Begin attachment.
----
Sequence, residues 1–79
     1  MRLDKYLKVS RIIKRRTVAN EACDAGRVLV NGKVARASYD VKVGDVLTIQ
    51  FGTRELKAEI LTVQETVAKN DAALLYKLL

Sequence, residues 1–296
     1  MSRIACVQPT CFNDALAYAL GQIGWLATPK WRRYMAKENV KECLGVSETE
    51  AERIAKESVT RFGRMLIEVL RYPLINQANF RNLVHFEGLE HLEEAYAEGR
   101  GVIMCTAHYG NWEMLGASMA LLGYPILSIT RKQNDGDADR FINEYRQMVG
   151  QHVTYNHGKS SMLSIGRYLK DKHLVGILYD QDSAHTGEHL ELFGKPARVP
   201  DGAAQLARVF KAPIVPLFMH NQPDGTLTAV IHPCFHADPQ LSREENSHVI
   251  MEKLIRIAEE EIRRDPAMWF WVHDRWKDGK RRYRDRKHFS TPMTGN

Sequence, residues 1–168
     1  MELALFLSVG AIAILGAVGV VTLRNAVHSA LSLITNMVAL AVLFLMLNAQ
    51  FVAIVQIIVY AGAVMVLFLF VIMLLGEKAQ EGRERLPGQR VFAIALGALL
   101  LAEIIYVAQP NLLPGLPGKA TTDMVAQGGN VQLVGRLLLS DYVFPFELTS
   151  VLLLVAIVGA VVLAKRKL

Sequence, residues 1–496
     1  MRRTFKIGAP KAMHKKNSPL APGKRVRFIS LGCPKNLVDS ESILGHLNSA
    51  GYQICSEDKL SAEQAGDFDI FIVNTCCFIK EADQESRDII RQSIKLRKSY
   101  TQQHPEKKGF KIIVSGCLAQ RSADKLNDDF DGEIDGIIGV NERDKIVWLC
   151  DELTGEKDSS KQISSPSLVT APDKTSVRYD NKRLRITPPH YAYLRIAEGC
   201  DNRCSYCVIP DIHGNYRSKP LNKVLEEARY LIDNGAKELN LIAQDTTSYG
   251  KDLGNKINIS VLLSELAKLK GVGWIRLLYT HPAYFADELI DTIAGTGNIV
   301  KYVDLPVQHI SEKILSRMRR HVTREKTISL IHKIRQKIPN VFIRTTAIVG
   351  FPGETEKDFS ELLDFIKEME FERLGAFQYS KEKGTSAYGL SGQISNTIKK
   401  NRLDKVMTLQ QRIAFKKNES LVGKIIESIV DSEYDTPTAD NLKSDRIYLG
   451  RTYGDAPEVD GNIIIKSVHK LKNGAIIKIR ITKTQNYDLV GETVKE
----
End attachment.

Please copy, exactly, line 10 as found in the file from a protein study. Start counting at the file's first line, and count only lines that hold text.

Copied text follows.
   251  MEKLIRIAEE EIRRDPAMWF WVHDRWKDGK RRYRDRKHFS TPMTGN